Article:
My son is paying for his own education. As a New Zealander living in Australia, he is not eligible for any government assistance, no youth allowance, training benefits or 'HECS' grants. In many ways this is an advantage, when he finishes his course he will not be burdened with a huge debt. Rather he will go and thank the cows in the neighbouring fields.... for these lovely girls produced the milk which paid the farmer who has employed my son since the age of 12! He started off helping to feed calves, a before school job which fitted in well with our schedule and moved onto milking and running the dairy shed, a job he still does, except that he now has an assistant... his 14 year old sister, who is proving to be as just as competent, though I do not think she relishes the 4.45am starts!
There are many advantages to a home education and the opportunity to combine work and study is just one. My son saved his wages, not frittering them away on trivial items but when he wanted something such as his own computer and a better surfboard, he was able to purchase them himself. He also buys his own clothes and the occasional bag of licorice! As he grew older, he developed a sense of maturity which extended to finances. He was sorely tempted to buy an iphone when they first came out (and had the money to do so) but in the end he read the reviews, considered his needs and opted for a stylish mobile that cost a lot less; it wasn't even a touch screen! We were pleasantly surprised!
Working for someone else has also enabled him to develop his interpersonal skills; good communication with his employer is vital and over the years my son has proved himself to be a trustworthy, reliable employee. Developing a good work ethic in his formative years will benefit him both now and in the future, in the career he has chosen to pursue. We thought he might have chosen agriculture, for the skills he has already attained would have set him up to be an excellent herd manager but technology was always his passion and as his interest grew in this subject, I gave him the permission to study what interested him the most. We encouraged him to keep his farm job, as we told him one day it could pay his way through college and that is exactly what it is doing!
My son's desk and study station. Amazingly, he is a tidy teenager. He cleans his own room and does his own laundry. He can't stand a messy house and somehow puts up with sharing his room with a younger brother who does not share these traits!
In June, he sat his first formal exam... ever! We had booked a room at the local library and organized the librarian to be the invigilator. The University send the exam paper to the invigilator who ensures it is sat under exam conditions. It was ready and waiting for my son on the appointed exam day and he emerged two hours later smiling! I had been a little nervous for him, after all, this was a university exam paper and he had never taken any form of test, (apart from the Learner Driver's exam at the RTA in order to obtain his Learner Driver plates! ) If he had been to a conventional school, he would not be sitting his HSC until the end of next year! I'm still trying to convince people that he is actually doing a degree and that he does not have to leave home or gain the HSC in order to go to university. I would offer this advice to home educators who are constantly receiving questions about college and higher education. Remember, there are alternative pathways to University. It does help to be a self- motivated learner, my son certainly is and this is what home education can produce!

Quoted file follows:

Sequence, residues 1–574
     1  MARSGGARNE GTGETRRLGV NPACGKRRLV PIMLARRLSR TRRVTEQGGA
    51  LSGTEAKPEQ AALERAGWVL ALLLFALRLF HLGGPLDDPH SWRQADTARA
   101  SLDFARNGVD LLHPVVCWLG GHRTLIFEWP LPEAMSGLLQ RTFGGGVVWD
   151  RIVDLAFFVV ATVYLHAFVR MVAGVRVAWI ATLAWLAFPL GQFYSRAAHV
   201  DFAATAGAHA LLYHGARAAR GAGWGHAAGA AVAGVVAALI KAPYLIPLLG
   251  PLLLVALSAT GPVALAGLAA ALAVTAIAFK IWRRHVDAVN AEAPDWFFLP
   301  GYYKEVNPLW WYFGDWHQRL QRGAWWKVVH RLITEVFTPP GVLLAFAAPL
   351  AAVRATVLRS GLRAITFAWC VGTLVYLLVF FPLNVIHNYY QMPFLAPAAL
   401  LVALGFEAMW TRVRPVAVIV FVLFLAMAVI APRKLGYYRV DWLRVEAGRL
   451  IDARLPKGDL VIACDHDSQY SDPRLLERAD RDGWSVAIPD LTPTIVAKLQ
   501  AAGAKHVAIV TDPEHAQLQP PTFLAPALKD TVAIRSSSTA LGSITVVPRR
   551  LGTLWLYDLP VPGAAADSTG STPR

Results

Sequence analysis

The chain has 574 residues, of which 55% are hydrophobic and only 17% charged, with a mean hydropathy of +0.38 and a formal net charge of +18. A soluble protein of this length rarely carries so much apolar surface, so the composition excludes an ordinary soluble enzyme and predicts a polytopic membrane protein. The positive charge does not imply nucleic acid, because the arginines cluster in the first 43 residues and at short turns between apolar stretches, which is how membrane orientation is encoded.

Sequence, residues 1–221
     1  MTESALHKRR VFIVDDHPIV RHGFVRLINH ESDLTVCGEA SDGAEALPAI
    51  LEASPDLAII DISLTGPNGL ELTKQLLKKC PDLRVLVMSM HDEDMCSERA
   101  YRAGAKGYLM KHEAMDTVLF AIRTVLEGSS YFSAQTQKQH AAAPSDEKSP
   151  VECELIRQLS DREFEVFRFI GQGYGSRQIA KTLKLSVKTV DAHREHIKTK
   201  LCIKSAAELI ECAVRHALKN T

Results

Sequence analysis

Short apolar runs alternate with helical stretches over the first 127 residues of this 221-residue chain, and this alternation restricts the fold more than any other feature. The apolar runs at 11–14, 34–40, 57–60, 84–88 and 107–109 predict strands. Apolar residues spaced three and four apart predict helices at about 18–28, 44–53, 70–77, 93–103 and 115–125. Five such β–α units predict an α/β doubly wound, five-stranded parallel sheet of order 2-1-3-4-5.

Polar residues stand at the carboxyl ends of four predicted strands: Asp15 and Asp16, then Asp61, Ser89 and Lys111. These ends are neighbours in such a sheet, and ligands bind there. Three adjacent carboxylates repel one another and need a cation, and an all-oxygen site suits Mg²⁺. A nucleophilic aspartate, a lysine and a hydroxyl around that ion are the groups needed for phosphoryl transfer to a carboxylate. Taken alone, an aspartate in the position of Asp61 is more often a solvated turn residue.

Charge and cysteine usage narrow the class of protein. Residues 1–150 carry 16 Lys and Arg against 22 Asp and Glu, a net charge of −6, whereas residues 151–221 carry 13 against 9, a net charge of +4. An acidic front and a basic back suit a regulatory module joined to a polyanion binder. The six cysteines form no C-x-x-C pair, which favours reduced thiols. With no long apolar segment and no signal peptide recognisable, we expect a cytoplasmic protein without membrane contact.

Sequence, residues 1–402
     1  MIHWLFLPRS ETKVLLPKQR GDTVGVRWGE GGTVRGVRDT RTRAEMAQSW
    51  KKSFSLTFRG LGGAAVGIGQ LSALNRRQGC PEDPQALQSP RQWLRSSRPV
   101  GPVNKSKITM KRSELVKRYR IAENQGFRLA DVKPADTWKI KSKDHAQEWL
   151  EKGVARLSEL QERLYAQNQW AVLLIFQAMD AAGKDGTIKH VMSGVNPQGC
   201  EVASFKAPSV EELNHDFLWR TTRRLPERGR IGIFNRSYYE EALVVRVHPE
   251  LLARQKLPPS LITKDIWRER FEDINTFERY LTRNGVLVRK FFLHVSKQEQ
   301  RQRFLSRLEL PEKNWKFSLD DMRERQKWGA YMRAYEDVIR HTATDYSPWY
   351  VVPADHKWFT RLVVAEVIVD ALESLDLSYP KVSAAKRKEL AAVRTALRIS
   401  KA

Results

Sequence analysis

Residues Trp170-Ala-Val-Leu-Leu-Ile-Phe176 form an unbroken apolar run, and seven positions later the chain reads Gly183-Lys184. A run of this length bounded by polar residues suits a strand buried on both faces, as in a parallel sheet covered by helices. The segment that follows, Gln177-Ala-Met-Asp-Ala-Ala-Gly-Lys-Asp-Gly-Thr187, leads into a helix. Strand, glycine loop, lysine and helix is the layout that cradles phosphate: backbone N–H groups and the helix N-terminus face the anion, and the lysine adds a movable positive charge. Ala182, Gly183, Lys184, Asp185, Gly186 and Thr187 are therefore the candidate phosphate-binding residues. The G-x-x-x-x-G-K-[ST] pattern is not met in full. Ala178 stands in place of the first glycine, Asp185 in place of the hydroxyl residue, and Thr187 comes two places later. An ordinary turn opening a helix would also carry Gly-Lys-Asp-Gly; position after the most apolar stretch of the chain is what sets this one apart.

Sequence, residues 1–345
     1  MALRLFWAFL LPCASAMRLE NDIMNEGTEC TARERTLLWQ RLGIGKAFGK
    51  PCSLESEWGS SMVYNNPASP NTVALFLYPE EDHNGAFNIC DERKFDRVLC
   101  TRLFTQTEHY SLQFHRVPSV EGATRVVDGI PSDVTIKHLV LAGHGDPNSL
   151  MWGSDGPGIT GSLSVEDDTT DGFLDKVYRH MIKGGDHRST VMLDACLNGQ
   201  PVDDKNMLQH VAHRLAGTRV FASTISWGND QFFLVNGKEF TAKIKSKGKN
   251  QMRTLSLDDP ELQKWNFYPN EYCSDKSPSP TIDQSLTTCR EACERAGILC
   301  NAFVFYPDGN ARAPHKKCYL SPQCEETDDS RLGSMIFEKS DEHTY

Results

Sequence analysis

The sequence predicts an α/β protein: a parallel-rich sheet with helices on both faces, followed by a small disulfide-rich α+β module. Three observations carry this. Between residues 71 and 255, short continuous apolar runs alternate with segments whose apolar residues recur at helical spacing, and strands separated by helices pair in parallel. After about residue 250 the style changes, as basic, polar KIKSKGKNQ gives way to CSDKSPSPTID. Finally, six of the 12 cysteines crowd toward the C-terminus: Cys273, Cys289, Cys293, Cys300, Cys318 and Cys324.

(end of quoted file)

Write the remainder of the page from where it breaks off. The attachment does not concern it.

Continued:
He received his exam result last week and was very pleased with his mark of 94%. His first unit is over and he has already commenced his second unit. As his mum and 'once upon a time' teacher, I am justifiably proud but in sharing my son's achievements I am more than aware that there is so much more to home education that academic success, yet it is the one area that so many people become focused on... at homeschool support meetings the discussions centre on curriculum choices; the questions I am asked most often about homeschooling are about future educational options - how will he get into uni? I remember being asked this when my son was ten and I told them 'We will cross that bridge when we come to it'... six years later we did exactly that!
If there is one book I would encourage parents of Christian teenagers to give to their children to read, it is this book 'Do Hard Things' by Alex and Brett Harris. I gave this book to my son on his 16th birthday and it had a big impact on him. The fact that the authors were also teenage homeschooled boys added to its appeal. When your son comes and reads excerpts to you, you know its message is hitting home!
My focus has never been solely on academics; I didn't start homeschooling my son in order to accelerate him and if someone had told me he would be ready to tackle university learning at age 16, I simply would not have believed it! Especially in those days when I questioned my own competency.... 'How will I ever get this child to read?'... I did, with patience and a solid foundation in phonics. 'How will I teach him algebra when it remains a mystery to me?'.... He taught himself with a good maths text book and tried to explain it to me!
Other fears and doubts came to plague me, sometimes in the night!...'I didn't give him enough writing practice, how will he cope with writing academic papers?'... He's coping just fine! 'He never learned a language' ... but he understands the intricacies of writing computer languages.